I run my edge finders - either electronic or mechanical - at no more than 100 rpm, I would estimate. The co-axial centre finder at about 20 rpm. I can see no advantage in running them any faster, but then I wasn't an engineer by profession, either. ALL my bad habits are self-taught.

I stand to be corrected, however; not that I'll probably take any notice!


Clive Foster06/12/2020 17:28:05
3104 forum posts
107 photos

Huffam specify 200 to 500 rpm for their wigglers.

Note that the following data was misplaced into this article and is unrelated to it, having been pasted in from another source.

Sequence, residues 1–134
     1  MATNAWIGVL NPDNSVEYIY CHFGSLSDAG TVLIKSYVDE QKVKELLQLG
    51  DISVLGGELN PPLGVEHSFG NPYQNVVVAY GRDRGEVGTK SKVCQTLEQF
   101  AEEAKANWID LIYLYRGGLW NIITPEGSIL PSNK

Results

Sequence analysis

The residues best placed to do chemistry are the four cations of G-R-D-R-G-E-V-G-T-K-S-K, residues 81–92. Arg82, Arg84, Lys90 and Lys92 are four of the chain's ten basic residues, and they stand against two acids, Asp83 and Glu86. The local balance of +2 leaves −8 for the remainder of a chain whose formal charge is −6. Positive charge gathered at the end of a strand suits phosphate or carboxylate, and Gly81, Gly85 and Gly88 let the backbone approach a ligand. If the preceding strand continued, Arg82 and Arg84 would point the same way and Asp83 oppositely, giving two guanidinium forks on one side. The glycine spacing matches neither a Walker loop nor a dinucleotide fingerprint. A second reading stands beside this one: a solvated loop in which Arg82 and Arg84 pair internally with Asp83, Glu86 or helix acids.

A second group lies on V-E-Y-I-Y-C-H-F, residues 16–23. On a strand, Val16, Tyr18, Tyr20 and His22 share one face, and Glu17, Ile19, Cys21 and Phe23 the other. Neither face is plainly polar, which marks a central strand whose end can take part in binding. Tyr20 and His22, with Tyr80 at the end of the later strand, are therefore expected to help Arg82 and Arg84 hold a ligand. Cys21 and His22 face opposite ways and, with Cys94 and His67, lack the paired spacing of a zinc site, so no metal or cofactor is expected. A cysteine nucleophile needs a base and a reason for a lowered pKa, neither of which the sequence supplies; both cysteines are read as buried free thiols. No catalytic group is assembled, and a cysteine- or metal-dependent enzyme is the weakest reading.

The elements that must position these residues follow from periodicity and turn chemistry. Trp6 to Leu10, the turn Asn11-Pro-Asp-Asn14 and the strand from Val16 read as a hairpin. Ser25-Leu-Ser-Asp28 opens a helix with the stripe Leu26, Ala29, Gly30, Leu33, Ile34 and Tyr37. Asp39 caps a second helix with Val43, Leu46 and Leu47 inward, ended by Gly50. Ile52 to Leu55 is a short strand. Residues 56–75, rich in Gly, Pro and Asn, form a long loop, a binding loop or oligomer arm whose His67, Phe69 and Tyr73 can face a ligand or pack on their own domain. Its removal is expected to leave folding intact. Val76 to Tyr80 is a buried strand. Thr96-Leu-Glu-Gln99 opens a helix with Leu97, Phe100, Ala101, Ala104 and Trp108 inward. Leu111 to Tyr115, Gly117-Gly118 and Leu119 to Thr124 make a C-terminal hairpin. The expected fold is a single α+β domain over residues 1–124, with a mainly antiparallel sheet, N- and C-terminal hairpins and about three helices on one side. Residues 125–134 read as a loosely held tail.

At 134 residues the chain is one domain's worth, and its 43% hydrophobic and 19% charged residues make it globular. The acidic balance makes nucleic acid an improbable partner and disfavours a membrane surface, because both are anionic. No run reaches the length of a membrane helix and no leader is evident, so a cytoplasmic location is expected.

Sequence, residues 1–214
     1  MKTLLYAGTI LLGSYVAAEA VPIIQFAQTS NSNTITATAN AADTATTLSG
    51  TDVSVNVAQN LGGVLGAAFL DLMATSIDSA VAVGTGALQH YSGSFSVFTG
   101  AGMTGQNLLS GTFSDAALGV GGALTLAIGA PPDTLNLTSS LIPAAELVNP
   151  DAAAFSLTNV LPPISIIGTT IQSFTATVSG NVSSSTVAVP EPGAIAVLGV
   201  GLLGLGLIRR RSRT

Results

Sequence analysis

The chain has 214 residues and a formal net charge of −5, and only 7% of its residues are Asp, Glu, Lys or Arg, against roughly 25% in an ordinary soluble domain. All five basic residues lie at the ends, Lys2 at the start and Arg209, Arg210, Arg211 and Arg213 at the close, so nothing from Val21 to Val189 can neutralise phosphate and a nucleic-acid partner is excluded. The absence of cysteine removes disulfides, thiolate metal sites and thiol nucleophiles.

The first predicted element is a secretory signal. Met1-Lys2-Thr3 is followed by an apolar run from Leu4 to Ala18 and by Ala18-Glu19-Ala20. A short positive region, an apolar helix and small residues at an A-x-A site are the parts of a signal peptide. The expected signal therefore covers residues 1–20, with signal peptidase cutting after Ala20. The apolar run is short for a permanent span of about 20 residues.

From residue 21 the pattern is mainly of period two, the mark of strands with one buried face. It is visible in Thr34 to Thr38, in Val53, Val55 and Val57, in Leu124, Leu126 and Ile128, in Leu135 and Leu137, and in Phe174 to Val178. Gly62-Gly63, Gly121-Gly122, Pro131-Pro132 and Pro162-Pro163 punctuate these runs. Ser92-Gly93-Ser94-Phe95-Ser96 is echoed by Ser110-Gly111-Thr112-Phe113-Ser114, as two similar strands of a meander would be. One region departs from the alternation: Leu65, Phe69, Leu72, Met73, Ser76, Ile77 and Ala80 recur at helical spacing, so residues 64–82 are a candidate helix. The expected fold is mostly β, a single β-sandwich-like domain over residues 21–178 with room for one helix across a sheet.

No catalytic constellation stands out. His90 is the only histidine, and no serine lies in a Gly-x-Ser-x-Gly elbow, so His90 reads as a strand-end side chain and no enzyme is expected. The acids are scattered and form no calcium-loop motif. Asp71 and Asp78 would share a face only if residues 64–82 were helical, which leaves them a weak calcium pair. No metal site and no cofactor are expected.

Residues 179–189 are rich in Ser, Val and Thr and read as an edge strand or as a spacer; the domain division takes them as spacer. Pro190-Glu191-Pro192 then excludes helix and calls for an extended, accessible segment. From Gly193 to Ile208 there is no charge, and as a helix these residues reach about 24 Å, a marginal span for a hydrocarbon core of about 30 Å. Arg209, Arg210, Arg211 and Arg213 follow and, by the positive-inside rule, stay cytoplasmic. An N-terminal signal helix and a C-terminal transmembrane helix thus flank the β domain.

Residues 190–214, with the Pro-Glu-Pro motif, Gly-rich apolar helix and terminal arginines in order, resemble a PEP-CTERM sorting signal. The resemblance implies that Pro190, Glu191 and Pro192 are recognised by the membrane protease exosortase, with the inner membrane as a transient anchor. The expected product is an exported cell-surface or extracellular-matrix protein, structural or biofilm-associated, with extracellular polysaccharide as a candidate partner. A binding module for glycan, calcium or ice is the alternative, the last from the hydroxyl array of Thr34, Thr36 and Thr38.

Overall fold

I run mine at around 150 rpm and watch for the sideways walk to start rather than relying on the flick off. I claim that to be marginally more accurate on single edges. But I would wouldn't I.

Running faster gives a much more positive, and quicker flick.

I suspect that if you are using the centre finding mode on a DRO by finding both edges the higher speed method might actually be better than the over-travel before flick could be more consistent. Huffam say lesst than half a thou over-travel to fick so its all a moot point anyway.


Baz06/12/2020 17:29:15
709 forum posts
2 photos

I seem to get the most consistent results at somewhere between 400-600 rpm.

Martin Kyte06/12/2020 17:36:57
2721 forum posts
48 photos